By Ryan C. Wood
The single largest issue in the City of Stockton’s Chapter 9 bankruptcy case is the cities qualification under section 109(c) of the bankruptcy code to be a debtor. The City has filed its Statement of Qualification. In my previous blog articles I discussed the various arguments by parties in interest as to why the City faces challenges proving it qualifies to be a debtor and obtain relief under the Bankruptcy Code. Assured Guaranty Corp. (“Assured”) is definitely leading the charge. Assured has guaranteed bonds issued by Stockton and does not want to allow the bankruptcy court to allow Stockton to not have to pay the bonds back in full. If that happened then Assured would be on the hook to satisfy the bond holders. On December 14, 2012, Assured’s bankruptcy lawyers filed a supplemental objection to the City’s Chapter 9 petition and statement of qualifications.
The supplemental brief is a scathing analysis of events leading up to Stockton’s bankruptcy filing. To recap, Stockton must prove that it was insolvent under pursuant to 11 U.S.C. § 109(c)(3); (ii) has satisfied the negotiation requirement contained in 11 U.S.C. § 109(c)(5); (iii) has negotiated in “good faith” under Cal. Gov’t Code § 53760.3(o), which is a requirement for specific authority under Cal. Gov’t Code § 53760(a) to be a debtor under 11 U.S.C. § 109(c)(2); and (iv) has filed its petition in “good faith” under 11 U.S.C. § 921(c). Cal. Gov’t Code § 53760 was passed by the California legislature to force California municipalities down two paths before filing for bankruptcy protection. A municipality can either declare a fiscal emergency or participate in the neutral evaluation process before filing for bankruptcy protection under Chapter 9. Stockton chose the neutral evaluation process and it has caused the city nothing but problems since. Assured is using Stockton’s participation in the neutral evaluation process against them now that Stockton is trying to prove it qualifies to be a debtor under Chapter 9 of the bankruptcy code.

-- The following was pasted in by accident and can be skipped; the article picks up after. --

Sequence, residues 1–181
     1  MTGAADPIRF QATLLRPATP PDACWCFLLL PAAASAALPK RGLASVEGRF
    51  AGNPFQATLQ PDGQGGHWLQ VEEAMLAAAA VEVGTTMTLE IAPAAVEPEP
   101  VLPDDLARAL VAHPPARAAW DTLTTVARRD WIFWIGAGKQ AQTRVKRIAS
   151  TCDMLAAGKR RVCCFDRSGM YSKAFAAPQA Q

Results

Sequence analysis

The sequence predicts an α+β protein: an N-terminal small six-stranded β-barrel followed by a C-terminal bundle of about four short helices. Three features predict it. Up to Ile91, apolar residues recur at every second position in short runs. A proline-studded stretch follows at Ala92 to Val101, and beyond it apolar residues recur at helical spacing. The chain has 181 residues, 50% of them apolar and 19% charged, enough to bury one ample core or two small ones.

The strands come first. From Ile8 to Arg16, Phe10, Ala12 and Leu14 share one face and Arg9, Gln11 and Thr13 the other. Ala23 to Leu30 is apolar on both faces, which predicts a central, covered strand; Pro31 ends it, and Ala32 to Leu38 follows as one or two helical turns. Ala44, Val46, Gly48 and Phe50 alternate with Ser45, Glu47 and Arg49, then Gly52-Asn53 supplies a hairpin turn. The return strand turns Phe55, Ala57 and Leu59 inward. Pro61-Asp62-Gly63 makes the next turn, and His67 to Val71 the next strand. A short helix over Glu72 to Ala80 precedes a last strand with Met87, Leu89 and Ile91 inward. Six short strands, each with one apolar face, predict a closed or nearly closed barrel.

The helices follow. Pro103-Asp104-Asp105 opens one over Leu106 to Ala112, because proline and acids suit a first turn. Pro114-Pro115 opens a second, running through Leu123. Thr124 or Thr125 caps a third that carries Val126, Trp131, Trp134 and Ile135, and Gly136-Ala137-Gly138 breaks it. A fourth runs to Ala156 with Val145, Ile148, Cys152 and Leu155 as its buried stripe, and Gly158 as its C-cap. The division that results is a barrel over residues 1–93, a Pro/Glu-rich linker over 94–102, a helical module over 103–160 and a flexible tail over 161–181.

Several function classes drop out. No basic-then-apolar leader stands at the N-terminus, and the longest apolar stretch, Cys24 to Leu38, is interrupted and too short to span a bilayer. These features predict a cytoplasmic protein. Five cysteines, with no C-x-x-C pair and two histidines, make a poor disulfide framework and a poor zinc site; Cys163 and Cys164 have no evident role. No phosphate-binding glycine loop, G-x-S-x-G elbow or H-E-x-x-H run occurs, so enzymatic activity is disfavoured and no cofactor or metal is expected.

Back to the supplemental objection filed by Assured. Assured argues that Stockton purposely to budget itself into not being able to pay a few bills on time in an attempt to show it was not paying its bills as they came due. Assured also argues that Stockton has not changes its ways regarding spending. It appears Stockton is still paying millions to subsidize entertainment venues that are non-essential. Prior to filing for bankruptcy protection Stockton’s Chief Financial Officer direct the various departments to reduce general fund spending by identifying ways to cut costs by 5%, 10% or 15%. Each department head submitted ways to cut costs but Stockton’s city manager did not recommend the cuts the city council did not adopt any of the cuts. Stockton then initiated the neutral evaluation process to try and negotiate with debt holders. Why did Stockton not adopt the cuts suggested by its department heads?
As pointed out before the single most significant factor in Stockton’s financial problems is how it compensated employees. The most egregious was the medical benefits for retirees. Retirees enjoyed free medical care for themselves and a dependent for life without any co-pays or premiums. This just simply does not exist in the real world. Especially not for all the other hard working citizens of Stockton who do not work fo the City of Stockton.
Assured also argues that Stockton failed to seek additional revenue sources to prevent revenue shortfalls prior to bankruptcy. Assured argues that the City has not sought to increase taxes, has not charged for reimbursable services and not evaluated its saleable property.
Assured further argues that Stockton cannot prove it was insolvent as of the bankruptcy filing date given that Stockton’s record keeping and internal controls were so poor. Apparently the CFO in September 2011 called Stockton’s record keeping grossly negligent and California’s State Controller has launched an investigation into Stockton’s record keeping.
Assured’s supplemental brief provides many concerning alleged financial practices by the City of Stockton leading up to the bankruptcy filing. The hearing on Stockton’s qualifications to be a debtor under chapter 9 is actually today, February 26, 2013, at 1:30 p.m. It will be very interesting what arguments Stockton’s bankruptcy attorneys make to explain Assured’s allegations.